A documentary on Norwegian TV and a survey by the FOA trade union in Denmark expose similar problems facing workers in eldercare as they have too many clients, leaving those requiring care regularly seeing lots of different carers for short periods of time. Reacting to the documentary the Fagforbundet trade union highlighted the problem of so many care staff working part-time, chasing shifts to try to make ends meet and being part of a continuing turnover of staff so that there is little continuity for those needing care. In Denmark, the FOA argues that staff spend too little time with those
Safe and effective staffing levels
Quality public services depend on having safe and effective staffing levels. This is crucial in health and social services but is also important in a range other public services. It is also about ensuring the safety and wellbeing of staff who are otherwise overworked and under pressure to cover for staff shortages. Recruitment and retention and training and continuous professional development are key elements in working to achieve and maintain safe and effective staffing levels.
The public services union ver.di has published early results of a major study of workers in social services that reveals the high risks of burnout and exhaustion faced by many workers in the sector. The survey covers more than 8,200 employees in childcare, disability assistance, youth welfare offices and other areas of social work. It found that since the pandemic many employees often skip the legally required rest breaks and 40% stated that they regularly work three or more hours overtime a week as well. Over 65% of respondents say that they are under time pressure at work, with more than 80%
The SuPer health and care union has published findings from a survey of workers in early years education that found more than half (53%) of respondents felt that the quality of service had deteriorated over the past five years with insufficient staff seen as the main problem. Over 1,000 union members replied to the survey, with 88% saying that they had experienced staff shortages in their work unit on at least a monthly basis. They survey also found that the increase in other tasks meant that workers had less time for direct contact with children. Almost 80% of respondents are considering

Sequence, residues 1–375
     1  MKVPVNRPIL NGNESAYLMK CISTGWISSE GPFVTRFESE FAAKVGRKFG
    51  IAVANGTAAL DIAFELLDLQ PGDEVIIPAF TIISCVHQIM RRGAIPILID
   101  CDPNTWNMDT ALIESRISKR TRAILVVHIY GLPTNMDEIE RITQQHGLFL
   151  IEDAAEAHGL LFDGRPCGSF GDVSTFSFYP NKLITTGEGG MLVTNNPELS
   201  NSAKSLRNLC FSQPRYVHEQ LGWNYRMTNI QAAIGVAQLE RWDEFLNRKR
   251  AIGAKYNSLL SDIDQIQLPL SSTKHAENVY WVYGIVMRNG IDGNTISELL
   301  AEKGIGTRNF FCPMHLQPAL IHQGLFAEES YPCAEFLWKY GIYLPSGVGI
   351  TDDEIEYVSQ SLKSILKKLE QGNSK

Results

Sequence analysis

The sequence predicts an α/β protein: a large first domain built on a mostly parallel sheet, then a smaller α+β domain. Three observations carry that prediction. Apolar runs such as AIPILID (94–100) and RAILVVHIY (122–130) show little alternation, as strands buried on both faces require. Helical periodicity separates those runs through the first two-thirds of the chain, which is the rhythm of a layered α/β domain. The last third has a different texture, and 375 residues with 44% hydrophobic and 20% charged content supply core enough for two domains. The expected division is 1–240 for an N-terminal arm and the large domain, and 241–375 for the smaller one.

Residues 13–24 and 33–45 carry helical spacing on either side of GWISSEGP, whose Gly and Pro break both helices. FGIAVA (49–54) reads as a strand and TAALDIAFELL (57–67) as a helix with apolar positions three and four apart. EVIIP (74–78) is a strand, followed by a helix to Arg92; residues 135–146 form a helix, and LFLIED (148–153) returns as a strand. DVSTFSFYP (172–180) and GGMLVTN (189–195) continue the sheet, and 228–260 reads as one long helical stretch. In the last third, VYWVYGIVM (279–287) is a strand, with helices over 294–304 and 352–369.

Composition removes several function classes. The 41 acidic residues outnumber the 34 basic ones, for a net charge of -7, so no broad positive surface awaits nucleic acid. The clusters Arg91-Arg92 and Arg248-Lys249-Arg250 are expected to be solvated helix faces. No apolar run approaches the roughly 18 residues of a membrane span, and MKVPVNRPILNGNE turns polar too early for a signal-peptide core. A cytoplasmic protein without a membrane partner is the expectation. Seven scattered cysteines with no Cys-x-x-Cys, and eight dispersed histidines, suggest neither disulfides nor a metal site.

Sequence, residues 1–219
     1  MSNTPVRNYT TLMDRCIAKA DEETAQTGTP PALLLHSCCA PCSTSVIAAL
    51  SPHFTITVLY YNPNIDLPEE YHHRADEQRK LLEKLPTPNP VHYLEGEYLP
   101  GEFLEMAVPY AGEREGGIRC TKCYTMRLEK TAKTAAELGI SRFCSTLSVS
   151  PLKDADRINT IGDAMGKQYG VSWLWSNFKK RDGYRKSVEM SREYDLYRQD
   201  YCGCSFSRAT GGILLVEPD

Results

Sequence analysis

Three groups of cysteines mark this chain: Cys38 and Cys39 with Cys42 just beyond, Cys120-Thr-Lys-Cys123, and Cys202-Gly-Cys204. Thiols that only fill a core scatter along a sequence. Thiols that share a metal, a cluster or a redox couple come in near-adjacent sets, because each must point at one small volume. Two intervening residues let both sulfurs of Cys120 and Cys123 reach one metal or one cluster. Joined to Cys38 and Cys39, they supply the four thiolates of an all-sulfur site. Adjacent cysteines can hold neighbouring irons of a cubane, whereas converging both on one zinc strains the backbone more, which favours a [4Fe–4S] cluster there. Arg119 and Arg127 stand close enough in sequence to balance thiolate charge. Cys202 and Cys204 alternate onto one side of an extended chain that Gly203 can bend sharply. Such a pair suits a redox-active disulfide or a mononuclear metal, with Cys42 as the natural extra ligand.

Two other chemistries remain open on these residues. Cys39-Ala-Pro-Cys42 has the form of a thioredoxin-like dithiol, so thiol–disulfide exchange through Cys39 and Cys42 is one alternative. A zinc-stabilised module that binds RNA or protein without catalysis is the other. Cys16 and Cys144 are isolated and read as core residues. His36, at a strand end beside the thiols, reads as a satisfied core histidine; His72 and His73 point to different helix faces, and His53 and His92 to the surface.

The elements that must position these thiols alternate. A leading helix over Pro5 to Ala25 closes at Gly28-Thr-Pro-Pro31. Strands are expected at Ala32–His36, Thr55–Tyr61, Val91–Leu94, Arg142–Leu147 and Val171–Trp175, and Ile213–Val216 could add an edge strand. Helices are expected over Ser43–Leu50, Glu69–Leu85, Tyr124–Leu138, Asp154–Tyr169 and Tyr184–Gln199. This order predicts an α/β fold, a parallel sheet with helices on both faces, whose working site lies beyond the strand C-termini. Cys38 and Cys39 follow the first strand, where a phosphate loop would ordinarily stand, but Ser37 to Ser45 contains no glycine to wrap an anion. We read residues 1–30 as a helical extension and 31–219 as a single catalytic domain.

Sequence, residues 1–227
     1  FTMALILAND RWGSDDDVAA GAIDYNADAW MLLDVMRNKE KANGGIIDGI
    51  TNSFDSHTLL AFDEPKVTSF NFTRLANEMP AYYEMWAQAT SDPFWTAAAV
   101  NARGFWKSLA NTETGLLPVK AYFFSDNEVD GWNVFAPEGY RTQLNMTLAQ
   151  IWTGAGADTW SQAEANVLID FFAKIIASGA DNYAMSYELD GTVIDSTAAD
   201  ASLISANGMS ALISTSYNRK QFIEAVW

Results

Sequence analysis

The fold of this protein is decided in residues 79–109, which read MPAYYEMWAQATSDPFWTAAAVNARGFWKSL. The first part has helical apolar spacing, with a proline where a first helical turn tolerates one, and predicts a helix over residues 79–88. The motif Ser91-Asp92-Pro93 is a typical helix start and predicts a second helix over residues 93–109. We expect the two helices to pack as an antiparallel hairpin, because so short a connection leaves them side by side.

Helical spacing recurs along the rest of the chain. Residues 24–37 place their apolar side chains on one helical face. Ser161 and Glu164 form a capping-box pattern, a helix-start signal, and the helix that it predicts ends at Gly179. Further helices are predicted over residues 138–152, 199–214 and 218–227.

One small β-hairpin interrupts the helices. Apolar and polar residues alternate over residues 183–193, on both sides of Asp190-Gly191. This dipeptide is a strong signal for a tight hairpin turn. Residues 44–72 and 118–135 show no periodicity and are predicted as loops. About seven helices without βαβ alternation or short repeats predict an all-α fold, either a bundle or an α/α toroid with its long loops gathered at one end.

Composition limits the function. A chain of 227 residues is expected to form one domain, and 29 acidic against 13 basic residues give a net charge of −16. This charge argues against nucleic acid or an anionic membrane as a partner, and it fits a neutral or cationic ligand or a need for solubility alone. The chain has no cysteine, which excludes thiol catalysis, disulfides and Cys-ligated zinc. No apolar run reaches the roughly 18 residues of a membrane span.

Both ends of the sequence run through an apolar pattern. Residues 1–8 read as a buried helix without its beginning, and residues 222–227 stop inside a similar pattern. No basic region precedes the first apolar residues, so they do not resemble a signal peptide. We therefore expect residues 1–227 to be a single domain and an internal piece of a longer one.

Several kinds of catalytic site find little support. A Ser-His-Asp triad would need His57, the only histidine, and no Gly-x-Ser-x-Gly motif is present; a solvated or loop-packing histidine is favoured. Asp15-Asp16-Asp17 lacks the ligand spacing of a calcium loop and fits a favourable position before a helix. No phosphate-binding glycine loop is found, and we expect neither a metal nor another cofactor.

Services union ver.di is in negotiations with the VKA municipal employers’ association to improve working conditions in municipal emergency services. The union is calling for a maximum working week of 44 hours (down from 48) as a first step and other measures to protect the health of employees. Ver.di warns that more workers will leave the sector if this issue is not addressed and cites the Red Cross as an example where hours reductions are being achieved. At the end of November, ver.di agreed with employers to gradually reduce weekly working hours (including on-call time) from the current
The FP-CGIL, UIL-PA and UIL-FPL public service federations are planning a week of action from 12-16 December with protests and strikes around the country in protest at the government’s budget for 2023. The unions argue that the budget fails to provide adequate funding across a range of services with nothing to address the cost-of-living crisis, to cover the renewal of collective agreements, to increase public employment, to end precarious contracts, to improve training and to ensure quality of services from childcare to health and social care and across local and national administration. The